“Our interest was in making 3D printing greener and using more renewable materials to decrease the carbon footprint and we were introduced to NatureWorks through our partners who have previously used PLA in a demonstration project for the printing of a pavilion,” explained Susan MacKay, ASCC senior R&D program manager. “PLA is known to print really well and it’s used worldwide in desktop printing in filament form, but when you get to large-scale additive manufacturing there are some issues.
“While we liked the renewability of PLA we incorporated wood fillers wood flour, nanocellulose and pulp with the PLA to create new types of composite materials to improve the impact and tensile strength. We were struggling with the traditional PLA because it’s semicrystalline, which causes a lot of shrinkage and some distortion.”
“The testing we did showed that compared to the normal semicrystalline PLA, this material worked similarly in terms of mechanical properties but printed better at such a scale,” added Doug Gardner of the Advanced Engineered Wood Composites Center at UMaine. “Having an amorphous polymer lends itself to processing by large scale 3D printing, with less dimensional stress during the laying down of the part and the cooling that occurs during this manufacturing. Most significantly we have used a totally 100% sustainable material that also sequesters carbon.”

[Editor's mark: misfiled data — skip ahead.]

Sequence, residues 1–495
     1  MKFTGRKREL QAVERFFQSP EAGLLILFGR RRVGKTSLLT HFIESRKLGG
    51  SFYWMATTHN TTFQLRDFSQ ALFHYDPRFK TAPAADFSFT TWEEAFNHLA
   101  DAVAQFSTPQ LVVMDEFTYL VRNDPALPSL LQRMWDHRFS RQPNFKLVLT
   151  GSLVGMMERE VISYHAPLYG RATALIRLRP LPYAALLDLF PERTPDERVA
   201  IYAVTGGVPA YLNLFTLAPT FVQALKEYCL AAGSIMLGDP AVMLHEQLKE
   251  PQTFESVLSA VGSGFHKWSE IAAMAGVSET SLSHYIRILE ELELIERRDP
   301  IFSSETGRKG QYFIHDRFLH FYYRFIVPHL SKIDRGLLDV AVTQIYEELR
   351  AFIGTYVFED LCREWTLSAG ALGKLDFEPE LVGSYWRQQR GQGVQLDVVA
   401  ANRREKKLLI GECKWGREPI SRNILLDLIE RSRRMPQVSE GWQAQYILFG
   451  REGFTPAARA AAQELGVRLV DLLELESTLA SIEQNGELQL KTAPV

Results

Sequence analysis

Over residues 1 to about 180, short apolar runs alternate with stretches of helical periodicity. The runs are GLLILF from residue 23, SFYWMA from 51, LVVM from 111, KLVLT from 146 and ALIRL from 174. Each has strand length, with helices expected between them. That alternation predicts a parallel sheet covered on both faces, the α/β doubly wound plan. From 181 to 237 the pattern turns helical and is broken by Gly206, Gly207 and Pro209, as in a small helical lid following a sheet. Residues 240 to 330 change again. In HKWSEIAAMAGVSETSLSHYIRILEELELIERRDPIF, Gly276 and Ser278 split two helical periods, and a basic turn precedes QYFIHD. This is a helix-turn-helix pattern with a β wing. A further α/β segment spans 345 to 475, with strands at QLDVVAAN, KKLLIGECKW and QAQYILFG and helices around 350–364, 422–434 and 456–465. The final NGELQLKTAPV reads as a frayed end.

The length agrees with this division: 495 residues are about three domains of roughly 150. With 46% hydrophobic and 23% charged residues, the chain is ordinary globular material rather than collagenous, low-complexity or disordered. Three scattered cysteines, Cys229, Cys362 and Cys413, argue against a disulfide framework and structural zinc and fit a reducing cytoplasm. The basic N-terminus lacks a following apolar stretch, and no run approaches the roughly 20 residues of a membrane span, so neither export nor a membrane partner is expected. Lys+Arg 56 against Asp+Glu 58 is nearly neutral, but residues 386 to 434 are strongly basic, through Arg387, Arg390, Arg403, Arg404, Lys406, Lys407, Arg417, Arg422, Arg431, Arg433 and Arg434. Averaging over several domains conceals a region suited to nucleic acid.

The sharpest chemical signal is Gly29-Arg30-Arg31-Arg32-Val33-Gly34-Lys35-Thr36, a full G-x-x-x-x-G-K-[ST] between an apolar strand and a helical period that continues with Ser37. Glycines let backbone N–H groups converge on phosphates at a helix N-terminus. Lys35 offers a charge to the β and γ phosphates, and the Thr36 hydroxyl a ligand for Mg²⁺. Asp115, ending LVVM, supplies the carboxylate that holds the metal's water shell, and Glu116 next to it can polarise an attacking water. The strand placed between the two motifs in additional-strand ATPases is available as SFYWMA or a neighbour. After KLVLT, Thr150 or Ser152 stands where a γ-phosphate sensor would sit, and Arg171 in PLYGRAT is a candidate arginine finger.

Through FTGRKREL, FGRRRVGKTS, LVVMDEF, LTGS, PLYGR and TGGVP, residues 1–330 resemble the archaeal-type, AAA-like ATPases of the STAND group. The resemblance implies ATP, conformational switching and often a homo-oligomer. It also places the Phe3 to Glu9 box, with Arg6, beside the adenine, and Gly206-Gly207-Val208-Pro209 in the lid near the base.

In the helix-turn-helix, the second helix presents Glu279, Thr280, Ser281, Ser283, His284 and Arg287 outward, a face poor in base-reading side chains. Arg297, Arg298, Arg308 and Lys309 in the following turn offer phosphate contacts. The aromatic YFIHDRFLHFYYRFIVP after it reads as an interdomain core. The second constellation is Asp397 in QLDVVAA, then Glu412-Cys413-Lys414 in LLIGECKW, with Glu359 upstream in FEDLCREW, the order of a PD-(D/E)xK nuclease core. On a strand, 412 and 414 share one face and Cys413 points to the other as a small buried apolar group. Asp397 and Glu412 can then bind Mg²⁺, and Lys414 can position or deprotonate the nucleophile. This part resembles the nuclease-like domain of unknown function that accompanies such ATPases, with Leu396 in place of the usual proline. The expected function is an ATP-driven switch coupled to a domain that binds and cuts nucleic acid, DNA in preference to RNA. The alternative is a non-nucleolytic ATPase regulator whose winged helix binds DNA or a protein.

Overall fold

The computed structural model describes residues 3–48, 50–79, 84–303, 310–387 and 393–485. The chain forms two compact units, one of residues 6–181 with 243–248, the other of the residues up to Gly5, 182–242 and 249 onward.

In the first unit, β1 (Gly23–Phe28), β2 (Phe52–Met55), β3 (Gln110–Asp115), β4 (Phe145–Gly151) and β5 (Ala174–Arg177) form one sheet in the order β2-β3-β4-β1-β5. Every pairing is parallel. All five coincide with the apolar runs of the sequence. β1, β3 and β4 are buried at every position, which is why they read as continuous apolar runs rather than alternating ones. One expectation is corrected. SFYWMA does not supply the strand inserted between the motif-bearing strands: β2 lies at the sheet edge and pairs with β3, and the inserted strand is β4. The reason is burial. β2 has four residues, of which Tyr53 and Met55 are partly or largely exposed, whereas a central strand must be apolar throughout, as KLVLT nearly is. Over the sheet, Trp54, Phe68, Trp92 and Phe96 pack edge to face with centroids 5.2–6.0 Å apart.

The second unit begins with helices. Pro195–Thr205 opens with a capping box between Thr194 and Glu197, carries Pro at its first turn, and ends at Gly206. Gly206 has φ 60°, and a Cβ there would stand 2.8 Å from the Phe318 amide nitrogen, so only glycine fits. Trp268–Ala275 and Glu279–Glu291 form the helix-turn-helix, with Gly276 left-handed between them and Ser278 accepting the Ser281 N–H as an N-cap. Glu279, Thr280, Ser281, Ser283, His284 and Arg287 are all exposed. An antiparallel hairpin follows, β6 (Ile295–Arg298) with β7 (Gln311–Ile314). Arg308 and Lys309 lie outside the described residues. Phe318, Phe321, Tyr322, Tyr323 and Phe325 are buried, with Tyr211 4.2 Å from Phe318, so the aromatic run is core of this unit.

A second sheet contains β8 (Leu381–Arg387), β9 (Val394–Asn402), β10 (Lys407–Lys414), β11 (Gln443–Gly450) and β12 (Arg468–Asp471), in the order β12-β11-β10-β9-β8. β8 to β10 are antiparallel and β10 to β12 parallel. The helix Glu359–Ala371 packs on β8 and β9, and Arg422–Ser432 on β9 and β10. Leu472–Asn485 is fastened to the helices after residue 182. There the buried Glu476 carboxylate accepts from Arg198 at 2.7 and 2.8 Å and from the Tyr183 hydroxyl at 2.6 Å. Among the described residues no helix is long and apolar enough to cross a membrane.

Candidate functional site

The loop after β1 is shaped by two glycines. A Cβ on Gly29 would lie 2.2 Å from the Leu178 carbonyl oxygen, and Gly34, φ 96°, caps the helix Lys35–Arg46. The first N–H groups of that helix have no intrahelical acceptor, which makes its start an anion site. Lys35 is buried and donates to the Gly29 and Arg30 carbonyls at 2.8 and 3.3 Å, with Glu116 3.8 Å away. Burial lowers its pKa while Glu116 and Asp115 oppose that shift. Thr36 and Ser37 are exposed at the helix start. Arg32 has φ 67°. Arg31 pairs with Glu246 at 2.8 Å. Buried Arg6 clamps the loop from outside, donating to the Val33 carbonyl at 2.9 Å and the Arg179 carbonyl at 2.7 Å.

The U.S. is experiencing a crisis-level shortage of affordable housing. The National Low Income Housing Coalition reports that nationally, there is a need for more than seven million affordable housing units. In Maine alone, the deficit is 20,000 housing units and growing each year, according to the Maine Affordable Housing Coalition. Nearly 60% of low-income renters in Maine spend more than half of their income on housing.